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Herbert Cyril Thacker
Born (1870-09-16)16 September 1870
Died 2 June 1953(1953-06-02) (aged 82)
Place of birth Poona, British India
Place of death Victoria, British Columbia, Canada
Allegiance Canada
Service/branch Canadian Army
Rank Major-General
Commands held Chief of the General Staff
Battles/wars Second Boer War
World War I
Awards Companion of the Order of the Bath
Commander of the Order of St Michael and St George
Distinguished Service Order

Major-General Herbert Cyril Thacker, CB CMG DSO (16 September 1870 – 2 June 1953) was a Canadian soldier and Chief of the General Staff, the head of the Canadian Army from 1927 until 1929.

Military career

Thacker was born the son of Major-General J. Thacker of the Bombay Staff Corps in 1870 in Poona, India. His attended Upper Canada College in Toronto and, in 1887, he graduated from the Royal Military College of Canada.[1] Commissioned in the Royal Canadian Artillery in 1891, he conducted survey work in western Canada for the Canadian Pacific Railway. He was promoted to Lieutenant in 1893.[1]

His service in the Second Boer War of 1900 in the Canadian Field Artillery[1] led to the award of the Queen’s medal with three clasps.[2]

From 1904 to 1905 he had the unique Canadian assignment as a military attaché with the Japanese Army during the Russo-Japanese War[1] but he was joined by other colonials.[3] Along with other Western military attachés, Thacker had two complementary missions - to assist the Japanese and to observe the Japanese forces in the field during the Russo-Japanese War.[4]

In 1907, his appointment as Director of Artillery at Ottawa accompanied a promotion as Commanding Officer of the Royal Canadian Garrison Artillery (RCGA),[1] and he became one of the 65 to live in the Commanding Officers’ Residence at Royal Artillery Park in Halifax.[2] In 1911 he became Inspector of Coast Defense Artillery.[1]

At the outbreak of World War I, Thacker joined the Canadian Expeditionary Forces (CEF), sailing for Europe with the 1st Canadian Division. Thacker went on to command the 2nd Canadian Divisional Artillery from 1914 to 1915. After General Sir Henry E. Burstall was promoted, Thacker commanded the 1st Canadian Divisional Artillery from September 1915 through the end of World War and the CEF return to Canada.

After the war, Thacker was appointed the District Officer Commanding Military District 6,[1] returning with his family to live at Royal Artillery Park.[2] His career was capped with service as Chief of the General Staff from 1927 to 1929.[1]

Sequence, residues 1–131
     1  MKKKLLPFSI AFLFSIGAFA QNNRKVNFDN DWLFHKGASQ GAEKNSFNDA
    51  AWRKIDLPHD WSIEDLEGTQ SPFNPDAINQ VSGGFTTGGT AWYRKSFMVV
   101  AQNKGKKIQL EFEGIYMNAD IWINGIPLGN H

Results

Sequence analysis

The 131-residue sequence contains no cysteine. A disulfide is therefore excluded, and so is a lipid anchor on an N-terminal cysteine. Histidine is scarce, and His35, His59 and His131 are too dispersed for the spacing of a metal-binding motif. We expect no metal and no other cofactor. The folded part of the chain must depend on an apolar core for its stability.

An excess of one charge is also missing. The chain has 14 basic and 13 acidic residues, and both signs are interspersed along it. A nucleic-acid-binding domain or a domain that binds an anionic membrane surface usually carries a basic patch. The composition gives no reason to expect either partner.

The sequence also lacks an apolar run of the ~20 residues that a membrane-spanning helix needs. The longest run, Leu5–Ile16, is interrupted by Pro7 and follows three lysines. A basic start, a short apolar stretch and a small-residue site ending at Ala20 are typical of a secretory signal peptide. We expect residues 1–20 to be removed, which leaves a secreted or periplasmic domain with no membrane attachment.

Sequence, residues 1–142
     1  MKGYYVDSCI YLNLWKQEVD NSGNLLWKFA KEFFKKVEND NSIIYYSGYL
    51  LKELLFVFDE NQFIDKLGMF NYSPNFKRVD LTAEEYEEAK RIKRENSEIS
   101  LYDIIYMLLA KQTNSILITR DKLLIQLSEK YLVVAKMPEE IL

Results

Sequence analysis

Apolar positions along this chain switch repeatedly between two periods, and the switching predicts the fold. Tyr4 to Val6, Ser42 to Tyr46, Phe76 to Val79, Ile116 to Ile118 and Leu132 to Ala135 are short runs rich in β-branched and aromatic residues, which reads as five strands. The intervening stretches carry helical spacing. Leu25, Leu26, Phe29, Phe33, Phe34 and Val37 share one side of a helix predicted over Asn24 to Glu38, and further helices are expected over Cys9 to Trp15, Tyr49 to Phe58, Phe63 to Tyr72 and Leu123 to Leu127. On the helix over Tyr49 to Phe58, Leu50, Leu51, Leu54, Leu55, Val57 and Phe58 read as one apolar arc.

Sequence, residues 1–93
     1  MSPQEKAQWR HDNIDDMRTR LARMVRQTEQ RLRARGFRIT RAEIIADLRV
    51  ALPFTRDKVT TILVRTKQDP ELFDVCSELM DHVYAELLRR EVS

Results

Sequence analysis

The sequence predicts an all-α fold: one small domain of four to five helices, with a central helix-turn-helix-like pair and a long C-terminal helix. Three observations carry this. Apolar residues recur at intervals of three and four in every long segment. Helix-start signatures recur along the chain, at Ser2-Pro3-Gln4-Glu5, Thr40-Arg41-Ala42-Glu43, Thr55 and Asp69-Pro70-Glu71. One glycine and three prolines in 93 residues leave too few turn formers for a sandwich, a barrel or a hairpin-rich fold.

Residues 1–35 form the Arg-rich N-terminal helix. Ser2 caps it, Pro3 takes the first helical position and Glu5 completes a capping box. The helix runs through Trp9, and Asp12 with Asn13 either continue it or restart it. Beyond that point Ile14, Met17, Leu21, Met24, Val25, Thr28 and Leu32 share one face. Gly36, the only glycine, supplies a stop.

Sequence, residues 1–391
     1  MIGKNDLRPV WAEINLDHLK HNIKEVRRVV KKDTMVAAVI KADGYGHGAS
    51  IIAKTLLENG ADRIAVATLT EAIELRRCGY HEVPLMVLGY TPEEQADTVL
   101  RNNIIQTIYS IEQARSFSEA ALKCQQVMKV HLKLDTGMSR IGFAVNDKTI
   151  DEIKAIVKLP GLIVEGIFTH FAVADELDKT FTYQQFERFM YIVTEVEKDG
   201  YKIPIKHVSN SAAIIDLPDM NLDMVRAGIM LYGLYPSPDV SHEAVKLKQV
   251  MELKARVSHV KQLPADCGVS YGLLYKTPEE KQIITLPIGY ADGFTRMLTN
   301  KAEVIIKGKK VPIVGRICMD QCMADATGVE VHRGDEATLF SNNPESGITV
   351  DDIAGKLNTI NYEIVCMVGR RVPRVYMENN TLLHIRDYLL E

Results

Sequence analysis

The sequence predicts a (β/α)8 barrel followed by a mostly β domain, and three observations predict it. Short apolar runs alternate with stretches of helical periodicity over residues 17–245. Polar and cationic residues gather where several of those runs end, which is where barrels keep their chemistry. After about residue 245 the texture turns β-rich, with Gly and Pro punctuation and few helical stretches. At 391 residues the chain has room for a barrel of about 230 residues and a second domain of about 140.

Thacker retired from military service in 1929. He died in Victoria, British Columbia, in June 1953.


For his service in the Boer War, Thacker was awarded the Queen's Medal with three clasps (1900).[1] He was awarded the Order of the Sacred Treasure, Third Class by the Japanese government for his services during the Russo-Japanese War.[5] He also received the Japanese War medal for service during that campaign.[1]

For service in World War I, he was made a Companion of the Order of Saint Michael and Saint George (CMG) in 1916. Thacker was awarded the Distinguished Service Order (DSO) in 1918. He was created a Companion of the Order of the Bath (CB) in 1919.[1]


  1. 1.00 1.01 1.02 1.03 1.04 1.05 1.06 1.07 1.08 1.09 1.10 (1922). Prominent People of the Maritime Provinces, p. 193.
  2. 2.0 2.1 2.2 Pacey, Elizabeth. "Commander’s residence at Royal Artillery park," Trident. 38:20, 7. October 18, 2004.
  3. Hitsman, J. Mackay and Desmond Morton. "Canada's First Military Attache: Capt. H. C. Thacker in the Russo-Japanese War," Military Affairs, Vol. 34, No. 3 (Oct., 1970), pp. 82-84; "Report No. 14,", Directorate of History, Canadian Forces Headquarters, 8 September 1967; compare Australian Dictionary of Biography: John Hoad at ADB
  4. Chapman, John and Ian Nish. (2004). "On the Periphery of the Russo-Japanese War," Part I, p. 53 n42, Paper No. IS/2004/475. Suntory Toyota International Centre for Economics and Related Disciplines (STICERD), London School of Economics and Political Science (LSE).
  5. L'Harmattan web site (in French)

See also


External links

Military offices
Preceded by
Sir James MacBrien
Chief of the General Staff
Succeeded by
Andrew McNaughton

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